The Tomahawk Missile Is Coming to the U.S. Army
November 11, 2020 Topic: Security Region: Americas Blog Brand: The Buzz Tags: TomahawkTomahawk Cruise MissileU.S. ArmyAmericaChina

The Tomahawk Missile Is Coming to the U.S. Army

An upgraded land-launched variant will let the Army strike mid-range targets.

The Tomahawk missile is one powerful weapon. It can loiter over targets while sending back video through a two-way data link and it can destroy targets from ranges out to 900 miles. It can also adjust course in flight to destroy moving targets.

While typically fired from surface ships and submarines, Tomahawk missile prototypes will now fire from land launchers are part of a new Army Mid-Range Capability weapons program aimed at giving ground commanders and wider and more lethal sphere of attack options. 

The program, according to a statement from the Army’s Redstone Arsenal, is intended to fill an attack gap able to hit targets between the 500km range of the emerging Precision Strike Missile and the Long Range Hypersonic weapon. 

“The MRC prototype, consisting of launchers, missiles and a battery operations center, will be fielded to an operational battery in the Fiscal Year 2023,” the Army statement reads. 

The weapon will likely emerge on this timetable due to its joint characteristics, meaning the Tomahawk has long been an effective Navy attack weapon and the Army intends to use “joint” hardware and software to configure the weapon for land attack. the MRC program is also developing a prototype SM-6 land-fired weapon.

Due to their 900-nautical mile range, loiter-over-target drone-like ability, two-way datalink and combat success, Tomahawks are often the first to strike in the opening moments of military conflict. Built to counter Soviet air defenses years ago, Tomahawks often fly parallel to the surface of the ocean to elude enemy radar. They are precise and have been successful against fixed targets in the opening days of war, destroying enemy command and control centers, bunkers and other kinds of high-value infrastructure. The current Block IV Tomahawk missile continues to receive upgrades, to include a new, more explosive warhead option for commander seeking alternative blast effects.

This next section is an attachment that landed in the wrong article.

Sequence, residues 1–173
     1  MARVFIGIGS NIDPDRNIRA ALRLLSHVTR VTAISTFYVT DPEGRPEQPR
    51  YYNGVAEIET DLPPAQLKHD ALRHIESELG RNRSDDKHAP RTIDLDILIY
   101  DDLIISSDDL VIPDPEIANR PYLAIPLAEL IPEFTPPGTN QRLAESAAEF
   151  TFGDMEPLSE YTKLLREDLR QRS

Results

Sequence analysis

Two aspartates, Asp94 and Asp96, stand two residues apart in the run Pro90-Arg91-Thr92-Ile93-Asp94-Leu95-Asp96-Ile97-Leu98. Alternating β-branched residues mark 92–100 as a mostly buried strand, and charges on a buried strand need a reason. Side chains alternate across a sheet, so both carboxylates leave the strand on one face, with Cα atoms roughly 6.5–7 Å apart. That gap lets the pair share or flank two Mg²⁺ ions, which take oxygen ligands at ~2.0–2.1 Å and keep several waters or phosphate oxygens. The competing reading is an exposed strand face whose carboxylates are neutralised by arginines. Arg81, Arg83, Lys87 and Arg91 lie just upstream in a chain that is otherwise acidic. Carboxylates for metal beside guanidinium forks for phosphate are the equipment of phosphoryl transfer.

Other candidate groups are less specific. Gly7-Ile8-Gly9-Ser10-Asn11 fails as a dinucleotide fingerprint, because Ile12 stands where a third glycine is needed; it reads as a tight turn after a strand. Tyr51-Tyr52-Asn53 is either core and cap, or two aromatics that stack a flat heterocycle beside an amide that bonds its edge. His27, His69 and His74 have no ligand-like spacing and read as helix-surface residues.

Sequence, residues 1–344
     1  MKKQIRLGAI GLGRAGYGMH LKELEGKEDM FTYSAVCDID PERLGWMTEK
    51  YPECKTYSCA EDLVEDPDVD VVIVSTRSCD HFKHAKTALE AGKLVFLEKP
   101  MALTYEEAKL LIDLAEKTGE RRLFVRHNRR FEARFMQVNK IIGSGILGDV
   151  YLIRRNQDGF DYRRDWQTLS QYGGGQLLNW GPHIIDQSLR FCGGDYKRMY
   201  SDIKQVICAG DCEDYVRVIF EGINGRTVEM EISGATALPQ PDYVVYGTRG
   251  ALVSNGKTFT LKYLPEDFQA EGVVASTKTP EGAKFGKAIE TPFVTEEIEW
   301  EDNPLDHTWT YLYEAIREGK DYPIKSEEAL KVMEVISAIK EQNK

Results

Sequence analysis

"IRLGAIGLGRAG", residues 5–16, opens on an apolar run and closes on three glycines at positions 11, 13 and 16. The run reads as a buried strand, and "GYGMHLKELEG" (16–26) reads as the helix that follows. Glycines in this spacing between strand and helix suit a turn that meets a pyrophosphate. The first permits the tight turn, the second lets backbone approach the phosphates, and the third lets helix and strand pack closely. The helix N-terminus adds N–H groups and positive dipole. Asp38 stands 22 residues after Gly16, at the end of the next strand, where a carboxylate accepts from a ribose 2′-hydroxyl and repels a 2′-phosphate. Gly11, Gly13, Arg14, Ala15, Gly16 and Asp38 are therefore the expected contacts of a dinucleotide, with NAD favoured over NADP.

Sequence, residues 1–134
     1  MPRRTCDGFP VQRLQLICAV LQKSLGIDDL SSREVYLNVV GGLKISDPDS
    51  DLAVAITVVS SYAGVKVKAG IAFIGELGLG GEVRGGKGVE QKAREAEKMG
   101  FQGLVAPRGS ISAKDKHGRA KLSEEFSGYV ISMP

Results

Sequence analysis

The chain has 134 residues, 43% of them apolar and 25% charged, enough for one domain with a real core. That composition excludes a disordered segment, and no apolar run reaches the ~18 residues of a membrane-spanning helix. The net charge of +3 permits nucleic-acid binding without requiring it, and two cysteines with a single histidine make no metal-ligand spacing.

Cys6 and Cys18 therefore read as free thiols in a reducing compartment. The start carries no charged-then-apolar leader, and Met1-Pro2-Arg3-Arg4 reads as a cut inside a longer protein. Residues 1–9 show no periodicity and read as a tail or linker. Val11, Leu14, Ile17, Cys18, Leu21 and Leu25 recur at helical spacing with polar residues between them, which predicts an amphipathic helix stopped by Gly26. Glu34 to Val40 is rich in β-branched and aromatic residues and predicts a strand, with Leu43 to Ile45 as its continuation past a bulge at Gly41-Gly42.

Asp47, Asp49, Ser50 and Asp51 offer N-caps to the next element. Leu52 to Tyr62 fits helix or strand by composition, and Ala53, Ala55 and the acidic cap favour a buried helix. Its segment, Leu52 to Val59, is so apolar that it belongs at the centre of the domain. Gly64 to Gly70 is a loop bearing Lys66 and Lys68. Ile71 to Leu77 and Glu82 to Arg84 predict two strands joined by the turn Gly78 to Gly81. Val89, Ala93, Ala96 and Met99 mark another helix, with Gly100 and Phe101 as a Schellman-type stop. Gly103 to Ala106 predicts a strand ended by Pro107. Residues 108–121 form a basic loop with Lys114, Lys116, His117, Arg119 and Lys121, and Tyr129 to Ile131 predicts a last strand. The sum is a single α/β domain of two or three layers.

Of even greater significance, the Navy is now engineering a newly-configured Maritime Tomahawk variant with an ability to destroy moving targets at sea. This is quite significant, particularly for a weapon that has historically been used against fixed targets, as it brings an entirely new sphere of strike options to commanders amid fast-changing war circumstances. The emerging Tomahawk uses improved radio throughput along with new networking, sensing and targeting applications to adjust and re-route in flight while closing in on moving targets. 

This technology, if embraced by the Army as well, would no longer limit Tomahawks from hitting ships or areas within range from the sea, but also give ground commanders an option to reach otherwise inaccessible long-range targets. 

Given these factors, the introduction of a land-fired Tomahawk will bring forward positioned ground units an increased ability to hit inland targets otherwise out of range for a sea-launched Tomahawk. Land-fired Tomahawks, as explained by senior Army leaders, are part of the Army’s post-Intermediate-Range Nuclear Forces (INF) Treaty strategy which has now revisited the development and deployment of medium-range missile weapons previously banned by the INF Treaty. Just within the last several years, Russia’s violations of the INF Treaty led the United States to withdraw. 

Kris Osborn is defense editor for the National Interest. Osborn previously served at the Pentagon as a Highly Qualified Expert with the Office of the Assistant Secretary of the Army—Acquisition, Logistics & Technology. Osborn has also worked as an anchor and on-air military specialist at national TV networks. He has appeared as a guest military expert on Fox News, MSNBC, The Military Channel, and The History Channel. He also has a Masters Degree in Comparative Literature from Columbia University.

Image: Reuters